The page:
Cookbooks from the closing of Borders. Lucy Mercer/A Cook and Her Books
Nearly four years ago, when I was casting about for a name for this blog, I had two criteria. The title must begin with an "A" so that it would land near the top of alphabetical blogrolls, and it must express my love of two things: cooking and books. You see, I've spent too many years in bookstores, both as an employee and a customer, and I have a little problem with saying no to the voices that call to me from the stacks. "Take me home!" they say as they fall into my arms.
When we designed our kitchen, we built bookshelves all around to hold my collection of cookbooks.This is just a small part of the shelves - they go around three walls.
|Kitchen. Lucy Mercer/A Cook and Her Books|
Throughout the house, stacked on bedside tables, in corners, bookshelves and my pantry floor, are books, and truth be told, they're mostly cookbooks and food memoirs, with a little Gladwell and chick lit thrown in. I still have my very first cookbook, a paperback copy of "The Winnie-the-Pooh Cookbook" (my mom even let me make a quiche-like Cottleston Pie from it!).
My bookselling job ended last week when the lights were turned off and the locks turned counter-clockwise for the last time at Borders. You can read my melancholy story on Open Salon about the end of my bookselling days. Right now, though, I want to be one of the giddy bargain-hunters who loaded up on deals when the store tanked. Within about six weeks, I purchased at least 50 books and magazines, most of them food-related. Here's a selection:
Love Soup by Anna Thomas - a lively vegetarian soup cookbook, hoeing the same quirky row as Mollie Katzen's Moosewood books.
Junk Foodie: 51 Delicious Recipes for the Lowbrow Gourmand by Emilie Baltz. A novelty cookbook with a novel gimmick - gourmet recipes created from snack foods. I picked it up as much for its visual style as its recipes.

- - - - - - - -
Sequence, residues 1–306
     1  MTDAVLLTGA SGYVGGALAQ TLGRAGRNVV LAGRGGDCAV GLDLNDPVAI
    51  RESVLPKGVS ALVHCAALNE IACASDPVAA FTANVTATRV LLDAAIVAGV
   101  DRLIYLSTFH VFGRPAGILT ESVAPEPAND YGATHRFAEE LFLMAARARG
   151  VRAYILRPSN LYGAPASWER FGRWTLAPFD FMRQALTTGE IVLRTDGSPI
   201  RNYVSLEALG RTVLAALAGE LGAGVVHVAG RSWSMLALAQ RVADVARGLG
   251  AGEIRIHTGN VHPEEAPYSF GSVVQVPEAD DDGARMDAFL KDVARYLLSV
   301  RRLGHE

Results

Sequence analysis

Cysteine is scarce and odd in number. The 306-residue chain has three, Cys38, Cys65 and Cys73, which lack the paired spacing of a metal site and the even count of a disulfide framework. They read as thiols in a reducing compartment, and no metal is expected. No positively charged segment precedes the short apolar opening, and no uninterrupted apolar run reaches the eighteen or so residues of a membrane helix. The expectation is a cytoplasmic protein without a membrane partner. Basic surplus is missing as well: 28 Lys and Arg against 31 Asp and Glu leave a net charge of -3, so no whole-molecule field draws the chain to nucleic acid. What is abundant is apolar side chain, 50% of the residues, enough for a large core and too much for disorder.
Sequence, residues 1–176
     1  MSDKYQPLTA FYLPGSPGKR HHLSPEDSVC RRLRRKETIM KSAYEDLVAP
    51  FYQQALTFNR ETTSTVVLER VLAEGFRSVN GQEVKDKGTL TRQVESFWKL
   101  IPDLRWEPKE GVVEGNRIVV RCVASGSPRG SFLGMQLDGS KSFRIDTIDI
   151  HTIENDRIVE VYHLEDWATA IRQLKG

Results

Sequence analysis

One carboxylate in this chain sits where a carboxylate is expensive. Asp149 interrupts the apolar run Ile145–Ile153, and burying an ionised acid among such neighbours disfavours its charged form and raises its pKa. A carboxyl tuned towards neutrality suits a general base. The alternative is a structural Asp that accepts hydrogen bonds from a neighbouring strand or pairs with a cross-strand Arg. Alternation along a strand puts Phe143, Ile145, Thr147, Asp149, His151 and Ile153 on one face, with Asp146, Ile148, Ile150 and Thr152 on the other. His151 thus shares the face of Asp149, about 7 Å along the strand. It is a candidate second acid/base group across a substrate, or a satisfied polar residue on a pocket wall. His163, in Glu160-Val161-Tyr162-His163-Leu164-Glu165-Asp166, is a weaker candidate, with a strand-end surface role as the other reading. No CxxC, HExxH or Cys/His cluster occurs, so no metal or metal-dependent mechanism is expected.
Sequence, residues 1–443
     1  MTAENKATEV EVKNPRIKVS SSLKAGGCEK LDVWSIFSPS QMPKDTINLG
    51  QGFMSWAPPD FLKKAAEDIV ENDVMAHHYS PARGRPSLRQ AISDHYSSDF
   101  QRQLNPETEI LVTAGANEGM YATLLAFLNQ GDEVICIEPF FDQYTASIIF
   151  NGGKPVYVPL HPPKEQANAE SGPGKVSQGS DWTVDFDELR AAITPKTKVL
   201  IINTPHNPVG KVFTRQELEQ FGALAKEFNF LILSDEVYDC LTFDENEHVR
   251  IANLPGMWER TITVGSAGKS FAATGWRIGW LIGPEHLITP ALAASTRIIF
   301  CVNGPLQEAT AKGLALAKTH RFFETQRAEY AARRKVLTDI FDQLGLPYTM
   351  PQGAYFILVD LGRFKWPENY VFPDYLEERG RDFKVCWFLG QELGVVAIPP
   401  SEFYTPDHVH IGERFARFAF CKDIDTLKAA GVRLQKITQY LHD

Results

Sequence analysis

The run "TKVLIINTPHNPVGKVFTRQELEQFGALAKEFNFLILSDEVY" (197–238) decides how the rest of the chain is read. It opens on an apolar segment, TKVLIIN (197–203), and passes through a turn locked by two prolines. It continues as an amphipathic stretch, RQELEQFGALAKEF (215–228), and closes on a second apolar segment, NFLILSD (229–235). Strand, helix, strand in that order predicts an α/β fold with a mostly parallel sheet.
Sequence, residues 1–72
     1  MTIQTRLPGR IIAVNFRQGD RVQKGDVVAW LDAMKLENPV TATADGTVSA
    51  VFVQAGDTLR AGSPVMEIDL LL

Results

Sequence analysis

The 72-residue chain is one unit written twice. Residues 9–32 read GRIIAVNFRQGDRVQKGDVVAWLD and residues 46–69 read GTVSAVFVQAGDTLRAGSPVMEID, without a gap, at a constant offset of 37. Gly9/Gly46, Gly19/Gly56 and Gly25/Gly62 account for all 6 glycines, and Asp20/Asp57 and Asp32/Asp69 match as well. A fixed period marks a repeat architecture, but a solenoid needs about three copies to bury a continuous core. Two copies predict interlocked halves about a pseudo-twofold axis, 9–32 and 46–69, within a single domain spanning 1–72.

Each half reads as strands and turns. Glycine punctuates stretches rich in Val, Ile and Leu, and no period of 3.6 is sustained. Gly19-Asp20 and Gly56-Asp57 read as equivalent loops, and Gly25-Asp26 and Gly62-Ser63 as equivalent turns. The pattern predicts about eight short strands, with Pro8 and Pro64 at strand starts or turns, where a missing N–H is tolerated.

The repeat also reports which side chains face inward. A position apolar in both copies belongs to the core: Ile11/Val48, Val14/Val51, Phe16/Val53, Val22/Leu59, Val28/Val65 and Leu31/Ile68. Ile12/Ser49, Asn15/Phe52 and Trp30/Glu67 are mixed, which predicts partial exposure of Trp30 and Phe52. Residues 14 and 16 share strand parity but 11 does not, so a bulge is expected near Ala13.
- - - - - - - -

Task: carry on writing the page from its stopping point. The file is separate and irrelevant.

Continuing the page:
Best Food Writing 2010, edited by Holly Hughes. Essays from Barry Estabrook, Francis Lam, Kim Severson, and many other favorite writers.
Gourmet's Guide Cheese from the bargain table, and it kind of has that book club look to it, but a very well done overview of the world of cheese. For $3 and some change, I think it will be a useful resource.
Two of food scientist Harold McGee's titles: On Food and Cooking, and Keys to Good Cooking. I've already used a tip from the latter in perfecting apple pie - drain the fruit, boil the liquid and thicken with starch.
Patricia Wells' Salad as a Meal a lovely, lovely book for diving into on a rainy winter Saturday, when all I want to do is dream of spring.
The Deluxe Food Lover's Companion by Sharon Tyler Herbst and Ron Herbst. An excellent reference book that is enjoyable just for browsing, flipping through and finding out something new.
One Big Table by Molly O'Neill. This is One Big Book - 880 pages - and is popping up on remainder tables and bargain book sites. Pick it up if you find it - it's a highly enjoyable, well-written tour of American kitchens.
David Tanis' Heart of the Artichoke - I already have a signed copy of the marvelous book. This is a copy to share.
The End of Overeating by David Kessler. I know there's a certain irony to including this, but Kessler's work on how food is manufactured and marketed in the U.S. has been on my must-read list for awhile.
My $1 box. I paid $1 apiece for these books on Borders last day.
Lucy Mercer/A Cook and Her Books
Did you shop the Borders liquidation sale? What finds did you bring home?